HARVEY Helps Move Bioprinted Organs Closer to Reality
Supercomputer code successfully models behavior of interwoven vasculature created with new 3D printing technique
Modified from a press release from Rice University
With the help of a dash of turmeric and blueberry, bioengineers have developed a technique for 3D printing complex, interwoven vascular networks that mimic many of the movements and forces of those found in real organs.
The technique could help researchers understand how the flexing of entangled pathways for blood, air, lymph and other vital fluids affect each systems’ function and move the field closer toward bioprinting entire organs.
To better understand the forces and stresses at work in the new networks, the researchers turned to one of the world’s most sophisticated systems for computationally modelling blood flow. Developed by Amanda Randles, the Alfred Winborne and Victoria Stover Mordecai Assistant Professor of Biomedical Sciences at Duke University, HARVEY is a supercomputer code capable of simulating blood flow through the human vasculature down to the cellular level.
Led by bioengineers Jordan Miller of Rice University and Kelly Stevens of the University of Washington (UW), the research appears online on the cover of Science on May 3. It includes a visually stunning proof-of-principle—a hydrogel model of a lung-mimicking air sac in which airways deliver oxygen to surrounding blood vessels.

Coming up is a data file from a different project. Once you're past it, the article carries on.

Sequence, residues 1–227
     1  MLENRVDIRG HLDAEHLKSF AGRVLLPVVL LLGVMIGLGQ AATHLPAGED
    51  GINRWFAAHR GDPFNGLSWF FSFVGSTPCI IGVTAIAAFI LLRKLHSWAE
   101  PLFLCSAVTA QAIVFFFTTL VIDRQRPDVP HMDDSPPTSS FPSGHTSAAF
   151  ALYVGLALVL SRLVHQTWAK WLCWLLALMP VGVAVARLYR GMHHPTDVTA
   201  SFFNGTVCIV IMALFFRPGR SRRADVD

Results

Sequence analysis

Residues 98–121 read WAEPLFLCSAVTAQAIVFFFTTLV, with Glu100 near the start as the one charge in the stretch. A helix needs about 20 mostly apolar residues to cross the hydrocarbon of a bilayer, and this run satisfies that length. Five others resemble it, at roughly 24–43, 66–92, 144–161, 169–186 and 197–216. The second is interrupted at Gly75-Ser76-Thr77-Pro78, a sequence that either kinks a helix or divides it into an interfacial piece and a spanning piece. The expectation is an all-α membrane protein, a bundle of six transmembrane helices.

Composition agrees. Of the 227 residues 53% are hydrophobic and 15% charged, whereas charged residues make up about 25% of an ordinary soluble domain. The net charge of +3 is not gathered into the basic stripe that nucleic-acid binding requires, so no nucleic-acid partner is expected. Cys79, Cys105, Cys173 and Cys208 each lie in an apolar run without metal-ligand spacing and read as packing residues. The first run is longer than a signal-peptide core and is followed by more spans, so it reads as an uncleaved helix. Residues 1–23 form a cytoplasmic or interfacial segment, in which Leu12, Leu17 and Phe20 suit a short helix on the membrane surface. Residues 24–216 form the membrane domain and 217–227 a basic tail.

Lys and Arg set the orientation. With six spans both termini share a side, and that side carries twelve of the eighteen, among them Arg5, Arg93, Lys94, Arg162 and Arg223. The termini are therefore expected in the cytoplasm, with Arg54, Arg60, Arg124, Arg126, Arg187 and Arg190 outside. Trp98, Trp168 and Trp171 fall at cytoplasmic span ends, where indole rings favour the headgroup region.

"One of the biggest road blocks to generating functional tissue has been our inability to print the complex vasculature that can supply nutrients to densely populated tissues," said Miller, assistant professor of bioengineering at Rice's Brown School of Engineering. "Our organs contain independent vascular networks—like the airways and blood vessels of the lung or the bile ducts and blood vessels in the liver. These interpenetrating networks are physically and biochemically entangled, and the architecture itself is intimately related to tissue function. Ours is the first bioprinting technology that addresses the challenge of multivascularization in a direct and comprehensive way."
The new open-source bioprinting technology is dubbed the "stereolithography apparatus for tissue engineering," or SLATE. The system works by printing a sequence of layers from a liquid pre-hydrogel solution that becomes a solid when exposed to blue light.
A digital light processing projector shines light from below, displaying sequential 2D slices of the structure at high resolution, with pixel sizes ranging from 10-50 microns. With each layer solidified in turn, an overhead arm raises the growing 3D gel just enough to expose liquid to the next image from the projector.
One of the system’s challenges is making sure the blue light does not penetrate past the current layer being hardened and interfere with previous layers. The key insight by Miller and Bagrat Grigoryan, a Rice graduate student and lead co-author of the study, was the addition of common food dyes capable of absorbing blue light made from curcumin (from turmeric) and anthocyanin (from blueberries). These photoabsorbers confine the solidification to a very fine layer, allowing the system to produce soft, water-based, biocompatible gels with intricate internal architectures in a matter of minutes.